Developmental Regulation Of Strongyloides Stercoralis Infectious Third-Stage Larvae By Canonical Dauer Pathways, Jonathan David Chaffee Stoltzfus

Publicly Accessible Penn Dissertations

Parasitic nematodes inflict a vast global disease burden in humans as well as animals and plants of agricultural importance; understanding how these worms infect their hosts has significant health and economic implications. In humans, soil-transmitted parasitic nematodes cause hookworm disease and strongyloidiasis, and vector-transmitted parasitic nematodes cause filariasis. The infectious form of the species causing these diseases is a developmentally arrested third-stage larva (L3i). Molecular mechanisms governing L3i developmental arrest and activation within a host have been poorly understood. An analogous developmentally arrested third-stage larva--the dauer larva--forms during stressful environmental conditions in the free-living nematode Caenorhabditis elegans and is controlled ...


Lytic Granule Convergence To The Microtubule Organizing Center In Natural Killer Cells, Ashley Mentlik James Jan 2012

Lytic Granule Convergence To The Microtubule Organizing Center In Natural Killer Cells, Ashley Mentlik James

Publicly Accessible Penn Dissertations

Natural killer (NK) cells are lymphocytes of the innate immune system that participate in host defense by secreting the contents of specialized secretory organelles termed lytic granules onto virally infected or tumorigenic cells in order to terminate them. Lysis of these target cells is a highly regulated, stepwise process beginning with actin rearrangement into an immunological synapse (IS) at the contact site between NK cell and target cell, followed by microtubule organizing center (MTOC) polarization towards the target cell, and culminating in the release of lytic granule contents through the actin network at the IS. The NK cell is capable ...


Transcriptional Control And Population Dynamics Of Antiviral Cd8+ T Cell Responses, Michael Alexander Paley Jan 2012

Transcriptional Control And Population Dynamics Of Antiviral Cd8+ T Cell Responses, Michael Alexander Paley

Publicly Accessible Penn Dissertations

Cytotoxic lymphocytes are central components of cellular immune responses to intracellular pathogens and malignancy. The transcriptional programs that support proper population dynamics for lifelong immunity are incompletely understood. Two T-box transcription factors, T-bet and Eomesodermin (Eomes), have critical roles in the development of natural killer cells and the differentiation of CD8+ T cells in response to acutely resolved infections. In both cases, these two factors support distinct but complementary cellular populations. In this thesis, we first used a recently generated reagent to examine and separate cellular populations with differential Eomes expression. We found that, while Eomes expression does not identify ...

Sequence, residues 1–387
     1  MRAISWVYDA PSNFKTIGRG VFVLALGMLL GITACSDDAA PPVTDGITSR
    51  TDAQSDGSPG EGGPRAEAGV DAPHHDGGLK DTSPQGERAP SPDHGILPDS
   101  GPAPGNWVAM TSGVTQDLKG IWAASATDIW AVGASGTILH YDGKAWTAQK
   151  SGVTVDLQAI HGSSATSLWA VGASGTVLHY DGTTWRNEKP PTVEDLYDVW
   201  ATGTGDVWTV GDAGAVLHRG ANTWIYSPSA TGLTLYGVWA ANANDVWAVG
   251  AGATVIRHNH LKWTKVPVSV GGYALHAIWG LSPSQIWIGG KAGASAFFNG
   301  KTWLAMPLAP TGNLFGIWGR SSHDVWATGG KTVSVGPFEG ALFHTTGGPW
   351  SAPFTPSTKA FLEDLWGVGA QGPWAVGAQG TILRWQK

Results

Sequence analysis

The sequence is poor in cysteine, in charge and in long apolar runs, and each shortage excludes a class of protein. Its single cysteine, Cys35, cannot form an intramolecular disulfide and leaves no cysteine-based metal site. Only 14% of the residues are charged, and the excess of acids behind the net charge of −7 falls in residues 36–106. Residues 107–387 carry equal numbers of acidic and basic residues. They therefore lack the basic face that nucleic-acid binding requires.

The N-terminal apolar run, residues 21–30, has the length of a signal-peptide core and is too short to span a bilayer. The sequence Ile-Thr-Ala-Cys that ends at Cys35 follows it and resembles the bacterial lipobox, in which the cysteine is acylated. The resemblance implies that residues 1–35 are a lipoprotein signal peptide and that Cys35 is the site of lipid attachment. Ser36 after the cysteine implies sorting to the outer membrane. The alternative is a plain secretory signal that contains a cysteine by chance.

Asymmetric T Cell Division And The Self-Renewal Of Specific Immunity, Maria L. Ciocca Jan 2012

Asymmetric T Cell Division And The Self-Renewal Of Specific Immunity, Maria L. Ciocca

Publicly Accessible Penn Dissertations

During clonal selection of a T cell in response to infection of a host with an invasive pathogen, the host must respond by producing at least two required and disparate cell populations - one that is responsible for controlling the current infection and another that is required to retain the T cell clone for protection against future insults. This diversity within the T cell response may be generated through the use of asymmetric cell division. How T cells may use asymmetric division and to what extent this molecular process plays a role in adaptive immunity is not well understood. Here we ...


Interleukin-22 Regulates Immunity, Inflammation And Tissue Homeostasis At Mucosal Sites, Gregory Field Sonnenberg Dec 2011

Interleukin-22 Regulates Immunity, Inflammation And Tissue Homeostasis At Mucosal Sites, Gregory Field Sonnenberg

Publicly Accessible Penn Dissertations

At mucosal sites, a single layer of epithelial cells separates the connective tissues of the mammalian body from the external environment. The gastrointestinal tract is the largest mucosal surface exposed to the environment and is colonized with an estimated 300 trillion beneficial commensal bacteria. These properties of mucosal sites help facilitate critical biological processes, including nutrient absorption, gas exchange and excretion of wastes, yet also renders mucosal sites particularly vulnerable to infection and inflammation. In order to maintain a state of health, complex immunoregulatory networks have evolved at mucosal sites to promote immunity, limit inflammation and maintain tissue homeostasis. Interleukin ...